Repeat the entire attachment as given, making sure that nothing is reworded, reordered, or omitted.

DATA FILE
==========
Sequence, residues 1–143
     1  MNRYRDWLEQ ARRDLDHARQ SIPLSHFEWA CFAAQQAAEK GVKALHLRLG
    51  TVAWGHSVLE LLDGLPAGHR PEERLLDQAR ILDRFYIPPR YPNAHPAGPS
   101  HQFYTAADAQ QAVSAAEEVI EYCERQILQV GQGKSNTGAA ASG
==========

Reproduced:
Sequence, residues 1–143
     1  MNRYRDWLEQ ARRDLDHARQ SIPLSHFEWA CFAAQQAAEK GVKALHLRLG
    51  TVAWGHSVLE LLDGLPAGHR PEERLLDQAR ILDRFYIPPR YPNAHPAGPS
   101  HQFYTAADAQ QAVSAAEEVI EYCERQILQV GQGKSNTGAA ASG